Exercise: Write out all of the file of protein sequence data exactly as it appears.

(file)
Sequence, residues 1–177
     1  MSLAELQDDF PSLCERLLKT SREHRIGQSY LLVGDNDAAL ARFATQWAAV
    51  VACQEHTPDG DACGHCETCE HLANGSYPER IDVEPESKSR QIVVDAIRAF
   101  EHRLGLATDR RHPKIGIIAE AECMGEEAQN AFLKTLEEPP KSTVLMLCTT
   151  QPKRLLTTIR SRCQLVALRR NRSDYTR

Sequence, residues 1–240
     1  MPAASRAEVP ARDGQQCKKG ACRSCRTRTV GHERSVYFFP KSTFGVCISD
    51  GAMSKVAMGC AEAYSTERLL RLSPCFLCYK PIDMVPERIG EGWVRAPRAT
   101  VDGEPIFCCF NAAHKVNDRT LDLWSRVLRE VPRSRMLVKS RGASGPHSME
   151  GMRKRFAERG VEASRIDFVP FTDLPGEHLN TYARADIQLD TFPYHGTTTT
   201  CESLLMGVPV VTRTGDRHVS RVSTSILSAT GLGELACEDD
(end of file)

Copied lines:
Sequence, residues 1–177
     1  MSLAELQDDF PSLCERLLKT SREHRIGQSY LLVGDNDAAL ARFATQWAAV
    51  VACQEHTPDG DACGHCETCE HLANGSYPER IDVEPESKSR QIVVDAIRAF
   101  EHRLGLATDR RHPKIGIIAE AECMGEEAQN AFLKTLEEPP KSTVLMLCTT
   151  QPKRLLTTIR SRCQLVALRR NRSDYTR

Sequence, residues 1–240
     1  MPAASRAEVP ARDGQQCKKG ACRSCRTRTV GHERSVYFFP KSTFGVCISD
    51  GAMSKVAMGC AEAYSTERLL RLSPCFLCYK PIDMVPERIG EGWVRAPRAT
   101  VDGEPIFCCF NAAHKVNDRT LDLWSRVLRE VPRSRMLVKS RGASGPHSME
   151  GMRKRFAERG VEASRIDFVP FTDLPGEHLN TYARADIQLD TFPYHGTTTT
   201  CESLLMGVPV VTRTGDRHVS RVSTSILSAT GLGELACEDD